Boyles took possession of the tape shortly after it was made, and subsequently showed it on three occasions, each time at a private residence. Although he showed the tape to only ten friends, gossip about the incident soon spread among many of Kerr and Boyles' friends in Houston. Soon many students at Kerr's school, Southwest Texas State University, and Boyles' school, the University of Texas at Austin, also became aware of the story. Kerr did not learn of the video until December 1985, long after she and Boyles had stopped seeing each other. After she confronted him, Boyles eventually admitted what he had done and surrendered the tape to Kerr. No copies had been made.
Kerr alleges that she suffered humiliation and severe emotional distress from the videotape and the gossip surrounding it. At social gatherings, friends and even casual acquaintances would approach her and comment about the video, wanting to know "what [she] was going to do" or "why did [she] do it." The tape stigmatized Kerr with the reputation of "porno queen" among some of her friends, and she claimed that the embarrassment and notoriety affected her academic performance. Kerr also claimed that the incident made it difficult for her to relate to men, although she testified to having had subsequent sexually-active relationships. Eventually, she sought psychological counselling.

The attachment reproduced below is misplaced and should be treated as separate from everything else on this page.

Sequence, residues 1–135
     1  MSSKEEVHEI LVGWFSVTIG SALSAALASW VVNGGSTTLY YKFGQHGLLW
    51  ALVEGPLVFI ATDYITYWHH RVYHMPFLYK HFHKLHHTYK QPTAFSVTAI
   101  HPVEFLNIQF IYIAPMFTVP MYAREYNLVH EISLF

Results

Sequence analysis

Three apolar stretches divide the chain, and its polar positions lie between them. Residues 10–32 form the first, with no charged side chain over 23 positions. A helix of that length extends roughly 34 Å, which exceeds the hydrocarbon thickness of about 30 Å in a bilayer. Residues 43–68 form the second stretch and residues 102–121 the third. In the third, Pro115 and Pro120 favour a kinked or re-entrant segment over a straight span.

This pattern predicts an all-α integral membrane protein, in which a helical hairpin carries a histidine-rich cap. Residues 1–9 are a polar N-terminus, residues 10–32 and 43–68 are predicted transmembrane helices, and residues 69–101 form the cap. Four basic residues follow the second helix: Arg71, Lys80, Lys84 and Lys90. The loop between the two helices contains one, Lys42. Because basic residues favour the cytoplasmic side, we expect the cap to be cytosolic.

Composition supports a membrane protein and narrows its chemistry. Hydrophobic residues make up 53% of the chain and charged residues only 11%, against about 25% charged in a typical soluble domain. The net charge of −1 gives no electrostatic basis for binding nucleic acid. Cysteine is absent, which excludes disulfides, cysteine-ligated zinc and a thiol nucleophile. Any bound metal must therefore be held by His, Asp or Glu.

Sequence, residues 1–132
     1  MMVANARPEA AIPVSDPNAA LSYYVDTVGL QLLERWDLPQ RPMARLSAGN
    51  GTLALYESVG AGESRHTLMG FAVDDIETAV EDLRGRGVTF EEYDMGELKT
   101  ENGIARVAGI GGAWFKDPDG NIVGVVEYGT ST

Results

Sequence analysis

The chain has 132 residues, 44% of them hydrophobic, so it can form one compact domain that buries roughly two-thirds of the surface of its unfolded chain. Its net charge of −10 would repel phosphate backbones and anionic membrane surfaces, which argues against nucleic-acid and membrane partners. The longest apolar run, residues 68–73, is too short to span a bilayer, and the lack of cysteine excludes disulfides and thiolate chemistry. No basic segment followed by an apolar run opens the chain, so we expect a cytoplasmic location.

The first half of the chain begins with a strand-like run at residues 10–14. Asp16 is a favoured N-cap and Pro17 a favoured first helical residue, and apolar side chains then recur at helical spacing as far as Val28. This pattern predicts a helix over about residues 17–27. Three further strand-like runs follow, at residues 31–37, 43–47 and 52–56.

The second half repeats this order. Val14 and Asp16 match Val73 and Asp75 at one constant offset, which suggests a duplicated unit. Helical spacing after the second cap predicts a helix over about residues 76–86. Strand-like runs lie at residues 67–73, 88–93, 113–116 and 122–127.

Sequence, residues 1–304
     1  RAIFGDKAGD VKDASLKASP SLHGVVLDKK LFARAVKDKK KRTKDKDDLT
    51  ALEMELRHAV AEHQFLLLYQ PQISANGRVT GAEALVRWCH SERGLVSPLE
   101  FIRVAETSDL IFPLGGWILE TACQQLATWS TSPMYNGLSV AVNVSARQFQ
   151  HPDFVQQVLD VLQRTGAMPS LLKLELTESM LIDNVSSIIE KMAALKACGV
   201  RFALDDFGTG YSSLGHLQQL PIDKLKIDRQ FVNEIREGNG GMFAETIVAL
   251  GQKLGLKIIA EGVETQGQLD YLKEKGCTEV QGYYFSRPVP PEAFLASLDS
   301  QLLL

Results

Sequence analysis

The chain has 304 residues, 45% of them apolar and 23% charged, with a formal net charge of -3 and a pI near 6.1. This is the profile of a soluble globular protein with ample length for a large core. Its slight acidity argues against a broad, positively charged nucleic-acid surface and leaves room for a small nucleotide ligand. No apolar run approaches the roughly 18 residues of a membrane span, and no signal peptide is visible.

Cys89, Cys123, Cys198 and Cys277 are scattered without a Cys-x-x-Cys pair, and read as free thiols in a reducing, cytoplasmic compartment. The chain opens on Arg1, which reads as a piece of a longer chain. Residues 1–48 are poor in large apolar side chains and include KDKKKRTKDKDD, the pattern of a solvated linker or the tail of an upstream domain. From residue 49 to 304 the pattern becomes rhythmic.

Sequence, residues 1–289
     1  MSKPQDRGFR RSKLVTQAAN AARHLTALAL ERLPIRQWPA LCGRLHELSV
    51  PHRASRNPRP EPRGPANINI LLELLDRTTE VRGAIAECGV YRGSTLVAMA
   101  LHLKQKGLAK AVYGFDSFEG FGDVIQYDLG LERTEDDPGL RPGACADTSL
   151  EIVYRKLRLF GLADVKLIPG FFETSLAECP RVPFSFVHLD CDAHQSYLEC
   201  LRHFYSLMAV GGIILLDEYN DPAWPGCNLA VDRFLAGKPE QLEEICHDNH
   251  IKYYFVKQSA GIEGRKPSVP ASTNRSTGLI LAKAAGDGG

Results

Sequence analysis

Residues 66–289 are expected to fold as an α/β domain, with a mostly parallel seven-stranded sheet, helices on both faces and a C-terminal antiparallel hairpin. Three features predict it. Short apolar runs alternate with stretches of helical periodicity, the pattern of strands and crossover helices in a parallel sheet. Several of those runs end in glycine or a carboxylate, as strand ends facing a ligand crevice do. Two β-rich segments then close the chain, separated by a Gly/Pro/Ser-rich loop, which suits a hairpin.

Kerr sued Boyles, Broesche, Widner and Tamborello, alleging intentional invasion of privacy, negligent invasion of privacy, and negligent (but not intentional) infliction of emotional distress. Before the case was submitted to the jury, however, Kerr dropped all causes of action except for negligent infliction of emotional distress. The jury returned a verdict for Kerr on that claim, assessing $500,000 in actual damages. The jury also found that all defendants were grossly negligent, awarding an additional $500,000 in punitive damages, $350,000 of which was assessed against Boyles. The trial court rendered judgment in accordance with the jury's verdict.